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They're normal for your cpu...


...is there a question here? 🤔

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Sauron'stm Product Scores:

Spoiler

Just a list of my personal scores for some products, in no particular order, with brief comments. I just got the idea to do them so they aren't many for now :)

Don't take these as complete reviews or final truths - they are just my personal impressions on products I may or may not have used, summed up in a couple of sentences and a rough score. All scores take into account the unit's price and time of release, heavily so, therefore don't expect absolute performance to be reflected here.

 

-Lenovo Thinkpad X220 - [8/10]

Spoiler

A durable and reliable machine that is relatively lightweight, has all the hardware it needs to never feel sluggish and has a great IPS matte screen. Downsides are mostly due to its age, most notably the screen resolution of 1366x768 and usb 2.0 ports.

 

-Apple Macbook (2015) - [Garbage -/10]

Spoiler

From my perspective, this product has no redeeming factors given its price and the competition. It is underpowered, overpriced, impractical due to its single port and is made redundant even by Apple's own iPad pro line.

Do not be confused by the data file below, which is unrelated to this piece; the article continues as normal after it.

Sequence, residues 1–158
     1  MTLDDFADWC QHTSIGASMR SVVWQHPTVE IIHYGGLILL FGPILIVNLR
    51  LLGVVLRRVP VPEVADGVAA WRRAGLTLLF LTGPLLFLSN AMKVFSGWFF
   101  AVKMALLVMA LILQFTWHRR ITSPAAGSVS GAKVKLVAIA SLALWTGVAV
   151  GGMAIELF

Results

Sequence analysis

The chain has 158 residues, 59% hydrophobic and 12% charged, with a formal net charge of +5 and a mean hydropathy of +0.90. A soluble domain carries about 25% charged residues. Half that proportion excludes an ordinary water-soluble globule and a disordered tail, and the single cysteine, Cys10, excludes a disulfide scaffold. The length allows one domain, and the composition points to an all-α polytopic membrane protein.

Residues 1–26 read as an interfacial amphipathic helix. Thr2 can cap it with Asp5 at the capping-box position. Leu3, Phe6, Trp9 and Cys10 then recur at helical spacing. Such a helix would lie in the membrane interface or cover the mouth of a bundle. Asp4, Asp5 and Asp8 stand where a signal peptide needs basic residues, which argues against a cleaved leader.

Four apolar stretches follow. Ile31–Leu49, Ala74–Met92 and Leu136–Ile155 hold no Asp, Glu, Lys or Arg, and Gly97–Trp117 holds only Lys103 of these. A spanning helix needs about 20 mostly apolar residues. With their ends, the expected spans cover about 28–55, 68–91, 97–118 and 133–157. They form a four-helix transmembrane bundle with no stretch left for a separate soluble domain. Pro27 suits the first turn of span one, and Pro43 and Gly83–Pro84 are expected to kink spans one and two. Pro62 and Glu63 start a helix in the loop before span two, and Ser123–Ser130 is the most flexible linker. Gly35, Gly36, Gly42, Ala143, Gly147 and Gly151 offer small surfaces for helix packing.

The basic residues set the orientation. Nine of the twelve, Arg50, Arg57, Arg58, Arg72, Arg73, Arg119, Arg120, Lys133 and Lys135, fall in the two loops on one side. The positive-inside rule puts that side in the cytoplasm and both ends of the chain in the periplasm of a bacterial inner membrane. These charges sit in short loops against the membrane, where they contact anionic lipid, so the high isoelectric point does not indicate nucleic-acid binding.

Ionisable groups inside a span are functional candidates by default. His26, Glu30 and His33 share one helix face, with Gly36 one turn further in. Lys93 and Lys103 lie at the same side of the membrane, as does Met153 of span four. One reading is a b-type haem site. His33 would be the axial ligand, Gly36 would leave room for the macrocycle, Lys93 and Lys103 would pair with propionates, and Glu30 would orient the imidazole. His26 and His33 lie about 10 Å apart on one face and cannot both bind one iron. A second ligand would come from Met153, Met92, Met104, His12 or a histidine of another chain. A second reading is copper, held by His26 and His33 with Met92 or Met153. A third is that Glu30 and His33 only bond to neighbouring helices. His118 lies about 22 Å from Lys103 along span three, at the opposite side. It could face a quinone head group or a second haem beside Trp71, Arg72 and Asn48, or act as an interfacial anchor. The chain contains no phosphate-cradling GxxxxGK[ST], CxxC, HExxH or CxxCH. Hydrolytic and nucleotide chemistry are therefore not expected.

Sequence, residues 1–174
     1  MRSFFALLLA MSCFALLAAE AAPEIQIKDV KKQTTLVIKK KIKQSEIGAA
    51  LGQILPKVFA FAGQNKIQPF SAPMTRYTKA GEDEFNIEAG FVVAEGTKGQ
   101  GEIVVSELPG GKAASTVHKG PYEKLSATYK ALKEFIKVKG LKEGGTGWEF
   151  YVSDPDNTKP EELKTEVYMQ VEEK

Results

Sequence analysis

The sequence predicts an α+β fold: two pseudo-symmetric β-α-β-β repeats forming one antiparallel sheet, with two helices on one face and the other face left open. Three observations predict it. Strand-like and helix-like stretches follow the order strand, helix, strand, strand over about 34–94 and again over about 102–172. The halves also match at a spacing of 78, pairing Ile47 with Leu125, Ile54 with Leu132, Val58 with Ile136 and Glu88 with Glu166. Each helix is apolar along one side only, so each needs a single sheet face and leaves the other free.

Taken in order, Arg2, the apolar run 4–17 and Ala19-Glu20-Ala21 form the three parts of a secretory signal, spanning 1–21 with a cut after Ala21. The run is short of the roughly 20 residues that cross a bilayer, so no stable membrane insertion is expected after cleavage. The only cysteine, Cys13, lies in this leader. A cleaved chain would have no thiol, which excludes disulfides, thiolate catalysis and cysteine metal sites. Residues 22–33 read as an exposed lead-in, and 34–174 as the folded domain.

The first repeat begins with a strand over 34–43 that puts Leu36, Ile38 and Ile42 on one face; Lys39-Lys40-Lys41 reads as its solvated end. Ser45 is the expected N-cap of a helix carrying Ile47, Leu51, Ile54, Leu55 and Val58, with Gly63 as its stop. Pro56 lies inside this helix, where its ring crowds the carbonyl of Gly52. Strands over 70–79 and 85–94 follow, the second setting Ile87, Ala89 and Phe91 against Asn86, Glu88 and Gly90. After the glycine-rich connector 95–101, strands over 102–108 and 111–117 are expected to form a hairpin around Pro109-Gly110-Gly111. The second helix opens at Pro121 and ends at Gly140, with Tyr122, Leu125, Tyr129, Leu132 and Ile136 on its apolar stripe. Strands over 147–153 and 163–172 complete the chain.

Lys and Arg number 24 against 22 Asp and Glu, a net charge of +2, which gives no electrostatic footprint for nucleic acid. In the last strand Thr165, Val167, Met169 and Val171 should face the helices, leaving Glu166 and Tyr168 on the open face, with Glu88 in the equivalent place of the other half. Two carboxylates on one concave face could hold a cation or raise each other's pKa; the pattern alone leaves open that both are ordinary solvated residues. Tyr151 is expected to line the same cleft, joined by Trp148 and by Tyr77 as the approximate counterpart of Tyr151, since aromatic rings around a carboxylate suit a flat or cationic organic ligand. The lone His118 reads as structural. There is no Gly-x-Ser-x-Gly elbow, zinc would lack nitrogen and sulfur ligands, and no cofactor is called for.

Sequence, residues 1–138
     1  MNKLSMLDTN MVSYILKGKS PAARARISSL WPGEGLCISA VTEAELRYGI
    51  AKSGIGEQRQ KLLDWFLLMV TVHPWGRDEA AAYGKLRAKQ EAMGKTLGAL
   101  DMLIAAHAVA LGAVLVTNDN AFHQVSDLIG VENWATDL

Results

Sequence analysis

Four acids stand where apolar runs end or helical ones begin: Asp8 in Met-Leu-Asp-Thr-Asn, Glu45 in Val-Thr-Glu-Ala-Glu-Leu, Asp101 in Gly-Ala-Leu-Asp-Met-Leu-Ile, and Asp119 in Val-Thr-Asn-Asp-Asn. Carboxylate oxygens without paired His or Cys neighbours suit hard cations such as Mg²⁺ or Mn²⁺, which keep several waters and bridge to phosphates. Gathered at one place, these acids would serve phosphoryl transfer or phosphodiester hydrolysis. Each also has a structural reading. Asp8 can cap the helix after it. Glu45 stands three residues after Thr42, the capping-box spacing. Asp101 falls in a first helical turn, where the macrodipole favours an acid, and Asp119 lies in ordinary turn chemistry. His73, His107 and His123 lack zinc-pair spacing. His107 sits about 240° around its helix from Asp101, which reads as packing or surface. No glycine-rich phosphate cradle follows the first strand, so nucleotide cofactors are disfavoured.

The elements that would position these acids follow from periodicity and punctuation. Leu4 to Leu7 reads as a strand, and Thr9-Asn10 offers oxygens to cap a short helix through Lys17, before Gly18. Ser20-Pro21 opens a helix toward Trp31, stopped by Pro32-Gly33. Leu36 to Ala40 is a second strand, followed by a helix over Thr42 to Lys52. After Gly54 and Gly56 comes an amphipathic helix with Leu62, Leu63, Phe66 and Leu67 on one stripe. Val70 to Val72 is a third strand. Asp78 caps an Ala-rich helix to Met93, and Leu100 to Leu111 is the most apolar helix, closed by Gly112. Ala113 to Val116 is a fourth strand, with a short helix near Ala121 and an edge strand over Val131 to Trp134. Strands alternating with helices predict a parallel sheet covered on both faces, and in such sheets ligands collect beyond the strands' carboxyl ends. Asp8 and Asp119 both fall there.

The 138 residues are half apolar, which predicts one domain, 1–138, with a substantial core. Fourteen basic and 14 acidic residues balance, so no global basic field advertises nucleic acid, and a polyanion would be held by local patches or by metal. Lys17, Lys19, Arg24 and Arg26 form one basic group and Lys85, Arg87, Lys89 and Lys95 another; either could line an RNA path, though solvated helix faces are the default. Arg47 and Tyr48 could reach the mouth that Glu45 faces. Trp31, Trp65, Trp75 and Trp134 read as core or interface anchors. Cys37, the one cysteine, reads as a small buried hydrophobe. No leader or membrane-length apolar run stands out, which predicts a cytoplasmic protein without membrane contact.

-OnePlus X - [7/10]

Spoiler

A good phone for the price. It does everything I (and most people) need without being sluggish and has no particularly bad flaws. The lack of recent software updates and relatively barebones feature kit (most notably the lack of 5GHz wifi, biometric sensors and backlight for the capacitive buttons) prevent it from being exceptional.

 

-Microsoft Surface Book 2 - [Garbage - -/10]

Spoiler

Overpriced and rushed, offers nothing notable compared to the competition, doesn't come with an adequate charger despite the premium price. Worse than the Macbook for not even offering the small plus sides of having macOS. Buy a Razer Blade if you want high performance in a (relatively) light package.

 

-Intel Core i7 2600/k - [9/10]

Spoiler

Quite possibly Intel's best product launch ever. It had all the bleeding edge features of the time, it came with a very significant performance improvement over its predecessor and it had a soldered heatspreader, allowing for efficient cooling and great overclocking. Even the "locked" version could be overclocked through the multiplier within (quite reasonable) limits.

 

-Apple iPad Pro - [5/10]

Spoiler

A pretty good product, sunk by its price (plus the extra cost of the physical keyboard and the pencil). Buy it if you don't mind the Apple tax and are looking for a very light office machine with an excellent digitizer. Particularly good for rich students. Bad for cheap tinkerers like myself.

 

 

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I'd imagine that CPU is going to bottleneck the GPU though.


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31 minutes ago, Alex Atkin UK said:

I'd imagine that CPU is going to bottleneck the GPU though.

Depends on the GPU and game/settings 


Dirty Windows Peasants :P ?